I've been a single mom for more than a decade. My boy is the most important person in my life, and I take my responsibility of being his mother seriously. My son relies on me. I hope to be around for him for many years to come.

It is these thoughts that cross my mind when I'm figuring out how to respond to the pandemic. I've followed the news about the COVID-19 vaccines with great interest. 

Thanks to the work of Indigenous health experts and advocates in Manitoba, our province has access to data that shows COVID-19 is having a disproportionate impact on First Nations people. More of us are becoming hospitalized, ending up in the intensive care unit, and we are even dying at disproportionate rates.

This data, along with advocacy from First Nations leadership, is helping our population get prioritized access to the COVID-19 vaccines. All 63 First Nations in Manitoba will soon offer the vaccine to everyone 18 and older. Some started mass vaccination clinics, including the Long Plain First Nation.

As an adult member of Long Plain, I'm eligible to receive my vaccine if I travel there to get it. I reached out to the clinic facilitator to book my first dose and excitedly drove to Long Plain to get my vaccine last week.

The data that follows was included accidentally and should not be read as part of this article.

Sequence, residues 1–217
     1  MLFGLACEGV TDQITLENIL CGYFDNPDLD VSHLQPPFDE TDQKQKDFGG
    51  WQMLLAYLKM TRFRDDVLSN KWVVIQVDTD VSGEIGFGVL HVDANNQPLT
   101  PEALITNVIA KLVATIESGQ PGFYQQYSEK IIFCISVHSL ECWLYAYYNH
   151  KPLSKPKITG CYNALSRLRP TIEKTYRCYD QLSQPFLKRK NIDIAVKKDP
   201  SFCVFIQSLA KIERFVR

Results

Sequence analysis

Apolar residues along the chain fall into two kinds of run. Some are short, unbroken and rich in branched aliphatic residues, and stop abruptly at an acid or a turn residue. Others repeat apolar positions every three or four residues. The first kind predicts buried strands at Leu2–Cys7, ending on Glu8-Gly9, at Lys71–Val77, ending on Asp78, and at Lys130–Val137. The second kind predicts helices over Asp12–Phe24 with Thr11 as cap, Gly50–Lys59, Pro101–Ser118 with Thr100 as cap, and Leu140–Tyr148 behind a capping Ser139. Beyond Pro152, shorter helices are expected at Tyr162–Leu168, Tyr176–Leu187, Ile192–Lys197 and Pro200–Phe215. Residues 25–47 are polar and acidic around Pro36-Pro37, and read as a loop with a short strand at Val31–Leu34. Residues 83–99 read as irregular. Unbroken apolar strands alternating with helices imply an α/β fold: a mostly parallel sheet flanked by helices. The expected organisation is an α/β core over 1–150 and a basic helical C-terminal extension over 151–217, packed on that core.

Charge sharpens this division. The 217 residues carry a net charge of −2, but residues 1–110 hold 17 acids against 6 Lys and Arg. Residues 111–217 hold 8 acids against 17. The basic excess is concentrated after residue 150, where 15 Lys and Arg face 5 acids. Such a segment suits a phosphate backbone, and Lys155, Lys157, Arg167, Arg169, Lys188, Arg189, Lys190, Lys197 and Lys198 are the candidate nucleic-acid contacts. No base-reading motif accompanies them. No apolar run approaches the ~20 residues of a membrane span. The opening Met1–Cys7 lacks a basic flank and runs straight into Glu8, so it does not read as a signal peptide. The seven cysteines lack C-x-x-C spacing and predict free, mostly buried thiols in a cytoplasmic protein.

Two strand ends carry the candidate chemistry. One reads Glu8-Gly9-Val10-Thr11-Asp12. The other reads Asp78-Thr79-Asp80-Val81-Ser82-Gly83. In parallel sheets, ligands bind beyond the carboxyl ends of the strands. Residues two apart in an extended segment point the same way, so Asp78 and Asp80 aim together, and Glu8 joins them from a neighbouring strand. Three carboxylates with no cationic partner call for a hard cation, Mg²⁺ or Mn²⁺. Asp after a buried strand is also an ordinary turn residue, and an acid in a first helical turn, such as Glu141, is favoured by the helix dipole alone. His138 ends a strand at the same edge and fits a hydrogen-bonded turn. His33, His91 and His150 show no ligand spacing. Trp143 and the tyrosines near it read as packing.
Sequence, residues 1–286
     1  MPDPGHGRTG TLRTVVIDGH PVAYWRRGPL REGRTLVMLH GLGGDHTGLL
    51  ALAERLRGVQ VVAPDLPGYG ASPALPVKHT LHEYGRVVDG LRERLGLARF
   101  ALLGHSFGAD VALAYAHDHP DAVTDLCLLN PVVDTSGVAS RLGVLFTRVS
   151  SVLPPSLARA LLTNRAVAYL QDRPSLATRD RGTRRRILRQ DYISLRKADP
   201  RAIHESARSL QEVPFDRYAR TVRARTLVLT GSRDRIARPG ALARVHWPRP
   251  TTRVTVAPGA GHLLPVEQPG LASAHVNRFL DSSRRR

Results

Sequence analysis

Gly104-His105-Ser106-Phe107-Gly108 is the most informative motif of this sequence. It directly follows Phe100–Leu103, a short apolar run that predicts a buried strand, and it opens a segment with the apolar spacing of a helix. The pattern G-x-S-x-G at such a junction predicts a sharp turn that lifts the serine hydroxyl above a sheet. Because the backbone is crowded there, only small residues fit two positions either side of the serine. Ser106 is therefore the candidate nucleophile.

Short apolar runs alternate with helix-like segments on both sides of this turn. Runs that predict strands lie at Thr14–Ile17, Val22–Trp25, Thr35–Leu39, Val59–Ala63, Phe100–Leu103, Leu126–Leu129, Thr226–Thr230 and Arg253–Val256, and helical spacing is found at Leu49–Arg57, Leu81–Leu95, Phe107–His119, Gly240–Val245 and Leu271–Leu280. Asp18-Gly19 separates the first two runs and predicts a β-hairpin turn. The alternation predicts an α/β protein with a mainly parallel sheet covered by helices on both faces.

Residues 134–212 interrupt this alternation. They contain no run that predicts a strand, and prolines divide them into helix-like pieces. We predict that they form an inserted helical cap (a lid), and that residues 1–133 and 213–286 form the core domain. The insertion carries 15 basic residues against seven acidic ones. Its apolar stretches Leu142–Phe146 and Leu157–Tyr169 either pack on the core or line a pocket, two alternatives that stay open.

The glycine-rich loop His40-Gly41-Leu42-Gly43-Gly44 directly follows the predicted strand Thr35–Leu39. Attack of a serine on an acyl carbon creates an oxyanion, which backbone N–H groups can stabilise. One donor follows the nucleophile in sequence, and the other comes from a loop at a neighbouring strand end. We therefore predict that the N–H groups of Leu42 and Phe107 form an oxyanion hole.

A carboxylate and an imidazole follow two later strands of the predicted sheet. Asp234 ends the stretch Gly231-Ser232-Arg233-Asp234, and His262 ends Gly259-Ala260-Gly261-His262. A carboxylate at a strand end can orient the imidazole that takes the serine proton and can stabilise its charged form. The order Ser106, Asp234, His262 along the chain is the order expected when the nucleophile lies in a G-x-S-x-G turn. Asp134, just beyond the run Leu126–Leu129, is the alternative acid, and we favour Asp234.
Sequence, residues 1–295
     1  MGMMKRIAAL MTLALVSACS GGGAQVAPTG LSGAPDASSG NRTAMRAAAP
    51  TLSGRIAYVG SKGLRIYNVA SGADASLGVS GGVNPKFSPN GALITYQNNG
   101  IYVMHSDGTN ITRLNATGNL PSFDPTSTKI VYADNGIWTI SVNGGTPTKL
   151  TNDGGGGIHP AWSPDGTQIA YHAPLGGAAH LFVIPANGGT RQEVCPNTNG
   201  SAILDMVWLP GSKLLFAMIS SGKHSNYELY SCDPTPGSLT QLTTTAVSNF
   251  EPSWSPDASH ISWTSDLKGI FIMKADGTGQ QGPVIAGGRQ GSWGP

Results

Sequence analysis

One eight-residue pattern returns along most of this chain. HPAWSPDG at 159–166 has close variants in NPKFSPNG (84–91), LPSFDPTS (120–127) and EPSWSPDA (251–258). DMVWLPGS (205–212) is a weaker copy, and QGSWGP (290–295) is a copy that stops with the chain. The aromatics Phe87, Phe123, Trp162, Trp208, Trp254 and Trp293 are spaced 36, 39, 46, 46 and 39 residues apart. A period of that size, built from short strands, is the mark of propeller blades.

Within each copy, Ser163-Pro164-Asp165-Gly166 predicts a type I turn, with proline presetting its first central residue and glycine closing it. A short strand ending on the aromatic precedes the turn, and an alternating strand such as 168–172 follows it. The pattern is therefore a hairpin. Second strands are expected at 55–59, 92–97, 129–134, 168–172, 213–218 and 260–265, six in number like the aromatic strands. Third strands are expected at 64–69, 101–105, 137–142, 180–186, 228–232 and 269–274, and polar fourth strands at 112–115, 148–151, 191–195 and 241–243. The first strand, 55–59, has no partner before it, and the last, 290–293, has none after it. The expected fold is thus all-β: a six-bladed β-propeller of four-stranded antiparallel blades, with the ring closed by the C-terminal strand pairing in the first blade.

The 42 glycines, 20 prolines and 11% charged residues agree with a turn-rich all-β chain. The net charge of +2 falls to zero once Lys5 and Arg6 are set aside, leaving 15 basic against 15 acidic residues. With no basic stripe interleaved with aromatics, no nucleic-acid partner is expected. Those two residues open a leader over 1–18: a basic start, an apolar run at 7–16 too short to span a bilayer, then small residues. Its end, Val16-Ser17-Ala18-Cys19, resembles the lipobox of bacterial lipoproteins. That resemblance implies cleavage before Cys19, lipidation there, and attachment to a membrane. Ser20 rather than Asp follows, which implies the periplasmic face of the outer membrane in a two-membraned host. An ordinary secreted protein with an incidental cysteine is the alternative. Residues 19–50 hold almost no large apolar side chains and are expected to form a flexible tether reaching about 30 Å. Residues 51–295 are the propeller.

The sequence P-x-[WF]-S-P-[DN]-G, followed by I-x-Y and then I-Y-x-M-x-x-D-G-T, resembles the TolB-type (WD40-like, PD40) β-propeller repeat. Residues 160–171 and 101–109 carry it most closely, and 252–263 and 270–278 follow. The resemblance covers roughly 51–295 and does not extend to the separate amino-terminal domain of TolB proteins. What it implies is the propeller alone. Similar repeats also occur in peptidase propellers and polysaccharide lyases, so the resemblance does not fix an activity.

Southern Chiefs' Organization Grand Chief Jerry Daniels gets his vaccination against COVID-19 from nurse Jessica Flett in Long Plain First Nation. (Melanie Ferris)

When I arrived at the clinic, staff filled out my consent form for me. How luxurious! I was led to a chair where I would wait for two nurses with a rolling cart to make their way toward me. I waited mere minutes until they reviewed my consent form, asked if I had questions and proceeded to vaccinate me.

The needle barely hurt. The nurse put a Band-Aid on my arm and gave me a note showing what time I could leave. They asked me to wait 15 minutes to observe whether I'd have a reaction to the vaccine.

Listen to the medical professionals and the science of it.- Long Plain First Nation Chief Dennis Meeches